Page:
SCJD: GUI Design Principles

I read a few GUI design articles before starting the design and they suggested mostly the same principles. Here are some of the more important ones that I implemented. You might want to take a quick look at my previous post for screen shots.

Good Decisions: Principles followed

  • GUI widgets should flow from top to bottom, left to right.
  • Windows should be re-sizable.
  • GUI should have a tool bar and menu bar.
  • Similar elements (ex. check boxes, radio buttons, etc) and related logical elements (search criteria, application configuration, etc) should be grouped together.
  • The menu bar should have mnemonics for easier access.
  • There should always be a File menu (with Save (where applicable) and Exit) and a Help menu (with About & Help Topics).
  • There should be keyboard shortcuts for important tasks in the menu.
  • Textfields should have trailing labels (right justified).
  • Properties specified by the user should be persisted and retrieved on the next run of the application.
  • Textfields requesting a file location should be accompanied by a browse button.
  • Potentially dangerous actions (such as exiting the application), should be confirmed by the user before being allowed to continue.
  • Components (buttons, tool bar buttons and menu items) for actions that are not allowed should be disabled when appropriate.

Bad Decisions: Principles not followed

So the GUI section of the assignment is where I lost most of the marks that I lost. Initially I was quite puzzled by this, because I thought it was adequate for the requirements. Then the more I thought about it, the more reasons I saw for possibly losing marks. I encountered all of these problems when thoroughly testing my GUI, but I just wanted to submit the assignment asap; so I definitely cuts some corners and wouldn’t be surprised if I lost marks for these…

Not giving the user feedback during time intensive tasks (ex. a JProgressBar)

My initial thought on this was that it was one of those nice to have, “let’s pretty up the GUI” features. But as it turns out it wasn’t the case. I found this out when I was stress testing my app. I created a database file with thousands of records and then tried to load the network client. So obviously the network client took a LONG time to read all the records (as the server would take much longer to do this), so the app just looked like it was crashing (ex. when you’re redeploying in eclipse and everything freezes and goes white). A JProgessBar would’ve been very handy to let the user know hey, the app’s not really crashing, its just really busy and they could see some progress happening. A JProgressBar is much more than window dressing.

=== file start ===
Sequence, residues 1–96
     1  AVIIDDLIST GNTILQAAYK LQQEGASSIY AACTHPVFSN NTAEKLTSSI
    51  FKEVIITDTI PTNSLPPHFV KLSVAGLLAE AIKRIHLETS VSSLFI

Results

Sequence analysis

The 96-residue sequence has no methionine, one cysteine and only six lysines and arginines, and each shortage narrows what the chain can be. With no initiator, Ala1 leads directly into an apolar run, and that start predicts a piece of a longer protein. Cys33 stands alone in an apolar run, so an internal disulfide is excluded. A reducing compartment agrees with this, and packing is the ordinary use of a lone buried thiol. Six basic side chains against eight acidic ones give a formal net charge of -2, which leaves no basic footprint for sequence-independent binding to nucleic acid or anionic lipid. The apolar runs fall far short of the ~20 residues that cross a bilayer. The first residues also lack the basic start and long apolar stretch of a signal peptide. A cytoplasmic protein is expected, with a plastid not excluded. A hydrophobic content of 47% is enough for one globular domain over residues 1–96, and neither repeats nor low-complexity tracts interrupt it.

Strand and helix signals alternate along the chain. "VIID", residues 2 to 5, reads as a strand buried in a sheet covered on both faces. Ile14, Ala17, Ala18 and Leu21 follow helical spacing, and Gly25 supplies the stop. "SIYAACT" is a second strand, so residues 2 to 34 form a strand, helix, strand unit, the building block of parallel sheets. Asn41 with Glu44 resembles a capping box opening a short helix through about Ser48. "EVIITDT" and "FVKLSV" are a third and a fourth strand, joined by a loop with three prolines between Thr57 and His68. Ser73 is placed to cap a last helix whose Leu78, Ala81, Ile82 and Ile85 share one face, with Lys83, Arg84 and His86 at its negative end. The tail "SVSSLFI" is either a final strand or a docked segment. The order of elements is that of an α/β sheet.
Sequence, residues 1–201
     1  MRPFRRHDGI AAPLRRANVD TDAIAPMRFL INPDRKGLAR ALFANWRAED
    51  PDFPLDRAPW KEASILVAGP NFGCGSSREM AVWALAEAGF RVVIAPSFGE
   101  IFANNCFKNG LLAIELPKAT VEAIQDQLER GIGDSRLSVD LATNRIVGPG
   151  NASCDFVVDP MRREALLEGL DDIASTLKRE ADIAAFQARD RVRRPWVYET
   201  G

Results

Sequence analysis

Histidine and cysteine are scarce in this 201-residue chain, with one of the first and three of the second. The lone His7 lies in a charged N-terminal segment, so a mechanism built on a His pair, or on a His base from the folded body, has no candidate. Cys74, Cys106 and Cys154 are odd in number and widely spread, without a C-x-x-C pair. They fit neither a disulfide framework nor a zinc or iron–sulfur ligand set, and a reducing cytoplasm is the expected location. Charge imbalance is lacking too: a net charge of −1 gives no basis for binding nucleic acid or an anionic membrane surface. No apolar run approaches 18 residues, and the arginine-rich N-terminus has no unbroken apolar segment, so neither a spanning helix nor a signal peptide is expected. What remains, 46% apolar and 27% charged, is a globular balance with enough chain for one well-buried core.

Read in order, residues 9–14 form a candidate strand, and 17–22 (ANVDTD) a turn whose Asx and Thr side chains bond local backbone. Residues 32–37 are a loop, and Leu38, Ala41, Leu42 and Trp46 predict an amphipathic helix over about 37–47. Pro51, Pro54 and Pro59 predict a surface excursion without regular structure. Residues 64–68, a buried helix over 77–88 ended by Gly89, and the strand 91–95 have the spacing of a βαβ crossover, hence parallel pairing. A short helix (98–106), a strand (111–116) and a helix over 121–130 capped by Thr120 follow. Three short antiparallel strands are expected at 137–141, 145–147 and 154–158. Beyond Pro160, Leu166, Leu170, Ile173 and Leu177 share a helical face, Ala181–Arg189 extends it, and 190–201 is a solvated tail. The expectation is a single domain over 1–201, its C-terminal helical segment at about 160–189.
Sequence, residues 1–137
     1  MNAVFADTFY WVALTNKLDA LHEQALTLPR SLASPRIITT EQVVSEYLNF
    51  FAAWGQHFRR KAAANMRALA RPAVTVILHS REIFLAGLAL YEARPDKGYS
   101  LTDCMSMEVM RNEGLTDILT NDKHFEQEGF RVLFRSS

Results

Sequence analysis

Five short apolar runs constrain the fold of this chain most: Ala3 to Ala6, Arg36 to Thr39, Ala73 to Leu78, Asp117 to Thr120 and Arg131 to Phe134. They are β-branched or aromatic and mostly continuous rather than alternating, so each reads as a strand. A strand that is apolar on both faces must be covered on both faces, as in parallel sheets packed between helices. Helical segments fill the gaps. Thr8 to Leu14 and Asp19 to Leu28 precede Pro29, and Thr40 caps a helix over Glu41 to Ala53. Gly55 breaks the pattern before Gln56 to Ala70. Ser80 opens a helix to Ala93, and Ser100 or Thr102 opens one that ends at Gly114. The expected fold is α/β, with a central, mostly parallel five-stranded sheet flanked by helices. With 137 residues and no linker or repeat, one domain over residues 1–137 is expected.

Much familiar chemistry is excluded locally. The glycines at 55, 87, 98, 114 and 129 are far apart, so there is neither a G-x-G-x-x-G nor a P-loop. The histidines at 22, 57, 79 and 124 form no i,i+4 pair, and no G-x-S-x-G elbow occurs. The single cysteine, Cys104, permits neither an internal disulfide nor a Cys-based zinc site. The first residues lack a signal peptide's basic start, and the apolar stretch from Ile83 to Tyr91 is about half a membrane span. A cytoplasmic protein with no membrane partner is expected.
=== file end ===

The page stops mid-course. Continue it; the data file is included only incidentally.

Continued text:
Not allowing modifiable cells in the JTable to be editable

The only field in the JTable that was editable was the customer id field; there was no requirement to edit an entire record, just the customer id field. So modifying the table didn’t seem like a big priority. So I figured, hey why not just use a pop up with a basic JTextField for the customer id, easy enough. To be honest, I did try to implement cell manipulation but I found playing around with TableCellRenderer and dealing with table cell actions and focus issues to be quite a lot of work; and not really worth it when only one cell in the table could be updated. While I still think the pop up was a good compromise, in hindsight I’d implement direct cell manipulation if only for the fact that users would expect such a feature.

No Standard Edit Menu with Cut, Copy & Paste

This was clearly a mistake or just laziness on my part. This is as standard as it gets. In my design choices document I attempted to defend this by stating the JTable wasn’t editable anyway and that most (if not all) settings were persisted and loaded on future runs of the app. I don’t think the accessor bought it and really, the accessor shouldn’t have.

Overall Swing Impressions

Swing is fairly simple to learn and understand. Basically, when building a screen you extend JFrame, assign a layout manager to your frame and just start adding JPanels to the frame as dictated by your chosen layout manager. Then adding widgets (such as JTables, JButtons, JTextfields, etc) to a JPanel is straightforward. Really, building a small screen is quite trivial.

However, once you start to build more than trivial GUI displays (displays that require many differently sized panels and widgets and varied widget alignments) then things get interesting. Let’s just say that without some sort of GUI building tool, using GridBagLayout (one of Swing’s most powerful layout managers) and GridBagContraints to build a GUI can be very, very frustrating. But once you’ve mastered it (which will take time), its not so bad.

It's only fair to share...
Share on FacebookGoogle+Tweet about this on TwitterShare on LinkedIn

Leave a Reply